Mentions: Cells containing a disrupted rasG gene were generated by homologous recombination by the strategy shown in Fig. 1 A. A construct was made containing 1.9 kb of rasG genomic DNA (Robbins et al., 1992), with a bsr marker (Sutoh, 1993) inserted between the promoter and coding sequence of the gene, in the same orientation so the strong act8 terminator blocked any read-through from the rasG or bsr promoters. The construct was transfected into AX2 cells, and transformants were cloned after 7 d of blasticidin selection. 2 independent clones, out of 74 examined, were found to contain a disruption in rasG (Fig. 1 B), with the rest apparently containing nonhomologous integration of the vector. Both independent lines were found to behave similarly, so one (IR15) was used for all the work described here. When Western blots are probed with the broad-spectrum Ras antibody Y13-259 (Furth et al., 1982), disrupted cells show approximately half the wild-type level of Ras proteins (Fig. 1 C, left). Y13-259 detects the diverged RasB and RasC proteins, albeit less well than RasG or RasD. The Ras protein seen in IR15 therefore presumably derives from the rasB and rasC genes (which are expressed at lower levels than rasG in wild-type cells) or rasD (which is barely expressed in growing wild-type cells). No RasG protein is found in disruptants when a specific RasG antibody is used (Fig. 1 C, right).


Dictyostelium RasG is required for normal motility and cytokinesis, but not growth.

Tuxworth RI, Cheetham JL, Machesky LM, Spiegelmann GB, Weeks G, Insall RH - J. Cell Biol. (1997)

Disruption of the  rasG gene. (a) Schematic  representation of the cloning  strategy employed to disrupt  the rasG gene. A 1.7-kb fragment encoding the cDNA for  the blasticidin resistance  gene (bsr) driven by the constitutive actin15 promoter  was inserted by homologous  recombination into the rasG  promoter between the promoter and the ATG start  codon. A probe from the  rasG coding sequence  (shaded bar) was used to detect correct disruptants by  Southern blotting of genomic  DNA. The expected bands in  the parental strain and disruptants are indicated by  dotted lines. (b) Southern  blot of rasG− and wild-type  parental genomic DNA. Nuclear DNA from strains IR15  (rasG−) and AX2 (wt) was  digested with EcoRI and  HindIII, separated on an  0.8% agarose gel, blotted  onto nylon, and probed with  the rasG coding sequence  (see above). The 1.9-kb parental band and 3.2-kb rasG−  disrupted band are marked. (C) Western blot of rasG− and AX2 wild-type cells. Whole cell lysates were separated by PAGE using a  15% acrylamide gel, blotted onto PVDF, and probed with the general Ras antibody Y13-259 (left) and a RasG specific antibody (right).  Y13-259 recognizes several different Dictyostelium Ras proteins with varying efficiency.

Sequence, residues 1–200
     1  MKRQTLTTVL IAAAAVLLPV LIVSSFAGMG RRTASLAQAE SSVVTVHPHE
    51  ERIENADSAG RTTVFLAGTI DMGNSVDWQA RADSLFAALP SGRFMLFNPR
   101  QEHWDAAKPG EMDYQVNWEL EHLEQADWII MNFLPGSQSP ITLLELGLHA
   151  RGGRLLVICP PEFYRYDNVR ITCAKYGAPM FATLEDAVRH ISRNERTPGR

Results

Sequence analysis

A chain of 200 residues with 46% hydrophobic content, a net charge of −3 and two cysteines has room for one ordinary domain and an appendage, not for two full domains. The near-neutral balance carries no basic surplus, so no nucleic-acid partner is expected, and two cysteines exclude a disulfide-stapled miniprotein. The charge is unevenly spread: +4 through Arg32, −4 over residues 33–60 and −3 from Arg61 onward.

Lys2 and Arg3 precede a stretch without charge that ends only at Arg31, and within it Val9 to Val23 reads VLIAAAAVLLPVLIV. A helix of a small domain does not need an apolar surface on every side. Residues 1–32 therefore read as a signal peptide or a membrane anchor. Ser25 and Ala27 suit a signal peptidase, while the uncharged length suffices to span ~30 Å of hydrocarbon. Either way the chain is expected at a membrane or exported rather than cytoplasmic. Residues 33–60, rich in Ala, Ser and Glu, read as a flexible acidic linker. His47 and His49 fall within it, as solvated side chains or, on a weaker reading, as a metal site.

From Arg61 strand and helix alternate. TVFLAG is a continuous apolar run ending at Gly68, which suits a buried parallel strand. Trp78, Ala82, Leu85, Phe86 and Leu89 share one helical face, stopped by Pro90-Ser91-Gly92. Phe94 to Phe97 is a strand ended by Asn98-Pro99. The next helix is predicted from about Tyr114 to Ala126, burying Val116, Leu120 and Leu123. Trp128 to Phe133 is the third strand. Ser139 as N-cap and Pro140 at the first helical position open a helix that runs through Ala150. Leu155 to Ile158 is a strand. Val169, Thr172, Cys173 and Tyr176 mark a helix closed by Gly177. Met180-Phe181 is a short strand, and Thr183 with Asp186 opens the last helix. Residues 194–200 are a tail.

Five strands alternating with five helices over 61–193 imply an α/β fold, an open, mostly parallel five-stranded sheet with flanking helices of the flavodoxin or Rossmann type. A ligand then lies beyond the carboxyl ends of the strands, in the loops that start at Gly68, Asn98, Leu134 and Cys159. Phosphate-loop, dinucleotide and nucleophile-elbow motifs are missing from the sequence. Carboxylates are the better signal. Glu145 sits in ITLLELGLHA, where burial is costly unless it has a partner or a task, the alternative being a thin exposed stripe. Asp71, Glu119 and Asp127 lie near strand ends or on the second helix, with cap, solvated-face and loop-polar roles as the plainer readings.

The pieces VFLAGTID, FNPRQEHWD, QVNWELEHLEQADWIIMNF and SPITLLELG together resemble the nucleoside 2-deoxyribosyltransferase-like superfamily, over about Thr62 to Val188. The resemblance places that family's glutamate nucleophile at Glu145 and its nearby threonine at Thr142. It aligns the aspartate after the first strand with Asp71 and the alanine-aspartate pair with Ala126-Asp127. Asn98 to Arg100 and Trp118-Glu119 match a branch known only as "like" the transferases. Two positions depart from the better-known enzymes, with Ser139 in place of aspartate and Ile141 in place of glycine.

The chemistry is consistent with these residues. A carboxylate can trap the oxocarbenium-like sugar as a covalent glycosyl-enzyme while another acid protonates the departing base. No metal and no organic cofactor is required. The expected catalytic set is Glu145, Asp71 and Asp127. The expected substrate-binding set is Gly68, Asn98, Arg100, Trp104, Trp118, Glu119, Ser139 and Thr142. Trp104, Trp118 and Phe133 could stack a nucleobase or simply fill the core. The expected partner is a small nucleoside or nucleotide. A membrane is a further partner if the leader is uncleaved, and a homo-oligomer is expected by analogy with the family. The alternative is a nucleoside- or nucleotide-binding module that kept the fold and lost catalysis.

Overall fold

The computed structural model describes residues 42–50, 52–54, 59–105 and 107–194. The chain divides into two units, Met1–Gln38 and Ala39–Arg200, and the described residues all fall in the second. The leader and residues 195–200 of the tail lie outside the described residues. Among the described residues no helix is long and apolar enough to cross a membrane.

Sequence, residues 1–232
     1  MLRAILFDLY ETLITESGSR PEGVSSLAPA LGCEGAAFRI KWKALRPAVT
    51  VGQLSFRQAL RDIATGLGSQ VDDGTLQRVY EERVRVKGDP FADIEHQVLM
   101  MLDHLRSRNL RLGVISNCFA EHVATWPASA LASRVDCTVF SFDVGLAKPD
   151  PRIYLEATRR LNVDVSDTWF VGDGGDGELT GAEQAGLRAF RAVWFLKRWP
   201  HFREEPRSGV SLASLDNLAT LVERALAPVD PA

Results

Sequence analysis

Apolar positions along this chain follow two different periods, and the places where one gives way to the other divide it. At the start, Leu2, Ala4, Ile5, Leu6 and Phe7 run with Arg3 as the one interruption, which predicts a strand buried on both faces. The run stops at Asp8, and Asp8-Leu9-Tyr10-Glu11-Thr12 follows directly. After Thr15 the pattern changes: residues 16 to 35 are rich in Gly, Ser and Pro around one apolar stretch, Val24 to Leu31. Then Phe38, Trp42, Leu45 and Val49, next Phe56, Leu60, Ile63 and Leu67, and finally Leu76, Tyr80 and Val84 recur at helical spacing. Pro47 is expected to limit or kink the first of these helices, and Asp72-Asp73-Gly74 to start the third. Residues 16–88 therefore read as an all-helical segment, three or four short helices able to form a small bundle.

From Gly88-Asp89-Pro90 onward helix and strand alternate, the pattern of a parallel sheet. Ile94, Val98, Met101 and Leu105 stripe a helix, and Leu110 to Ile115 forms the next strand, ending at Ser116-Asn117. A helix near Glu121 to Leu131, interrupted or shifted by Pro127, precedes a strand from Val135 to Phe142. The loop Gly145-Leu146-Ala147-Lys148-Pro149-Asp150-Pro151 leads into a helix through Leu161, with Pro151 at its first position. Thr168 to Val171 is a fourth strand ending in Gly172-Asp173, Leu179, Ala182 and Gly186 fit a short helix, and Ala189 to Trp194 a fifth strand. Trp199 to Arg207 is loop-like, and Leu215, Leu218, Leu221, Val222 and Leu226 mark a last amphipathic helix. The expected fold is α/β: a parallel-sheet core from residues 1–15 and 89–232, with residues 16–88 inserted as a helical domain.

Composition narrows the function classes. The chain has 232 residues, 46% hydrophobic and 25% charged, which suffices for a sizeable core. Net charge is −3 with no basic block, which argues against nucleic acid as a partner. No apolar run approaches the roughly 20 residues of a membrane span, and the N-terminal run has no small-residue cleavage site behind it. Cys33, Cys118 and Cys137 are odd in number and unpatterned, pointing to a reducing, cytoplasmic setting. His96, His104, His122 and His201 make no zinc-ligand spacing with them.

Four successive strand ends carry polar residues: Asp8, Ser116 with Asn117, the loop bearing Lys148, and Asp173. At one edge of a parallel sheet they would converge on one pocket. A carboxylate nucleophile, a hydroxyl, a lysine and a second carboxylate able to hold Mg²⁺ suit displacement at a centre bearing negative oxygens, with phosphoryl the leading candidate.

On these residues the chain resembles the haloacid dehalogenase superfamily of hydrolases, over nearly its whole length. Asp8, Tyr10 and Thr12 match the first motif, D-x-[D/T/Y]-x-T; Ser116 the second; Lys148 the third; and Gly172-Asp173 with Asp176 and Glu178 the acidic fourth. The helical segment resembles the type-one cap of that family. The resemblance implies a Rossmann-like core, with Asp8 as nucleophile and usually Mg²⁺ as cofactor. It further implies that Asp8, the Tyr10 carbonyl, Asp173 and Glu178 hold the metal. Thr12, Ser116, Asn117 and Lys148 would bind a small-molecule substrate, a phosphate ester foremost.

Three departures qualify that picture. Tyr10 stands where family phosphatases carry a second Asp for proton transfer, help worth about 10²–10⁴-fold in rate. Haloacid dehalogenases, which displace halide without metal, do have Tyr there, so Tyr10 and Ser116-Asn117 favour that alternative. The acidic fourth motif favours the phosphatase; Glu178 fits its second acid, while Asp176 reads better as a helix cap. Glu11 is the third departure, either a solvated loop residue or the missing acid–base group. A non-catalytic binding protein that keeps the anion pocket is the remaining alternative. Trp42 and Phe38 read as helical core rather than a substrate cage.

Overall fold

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Related In: Results  -  Collection

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Figure 1: Disruption of the rasG gene. (a) Schematic representation of the cloning strategy employed to disrupt the rasG gene. A 1.7-kb fragment encoding the cDNA for the blasticidin resistance gene (bsr) driven by the constitutive actin15 promoter was inserted by homologous recombination into the rasG promoter between the promoter and the ATG start codon. A probe from the rasG coding sequence (shaded bar) was used to detect correct disruptants by Southern blotting of genomic DNA. The expected bands in the parental strain and disruptants are indicated by dotted lines. (b) Southern blot of rasG− and wild-type parental genomic DNA. Nuclear DNA from strains IR15 (rasG−) and AX2 (wt) was digested with EcoRI and HindIII, separated on an 0.8% agarose gel, blotted onto nylon, and probed with the rasG coding sequence (see above). The 1.9-kb parental band and 3.2-kb rasG− disrupted band are marked. (C) Western blot of rasG− and AX2 wild-type cells. Whole cell lysates were separated by PAGE using a 15% acrylamide gel, blotted onto PVDF, and probed with the general Ras antibody Y13-259 (left) and a RasG specific antibody (right). Y13-259 recognizes several different Dictyostelium Ras proteins with varying efficiency.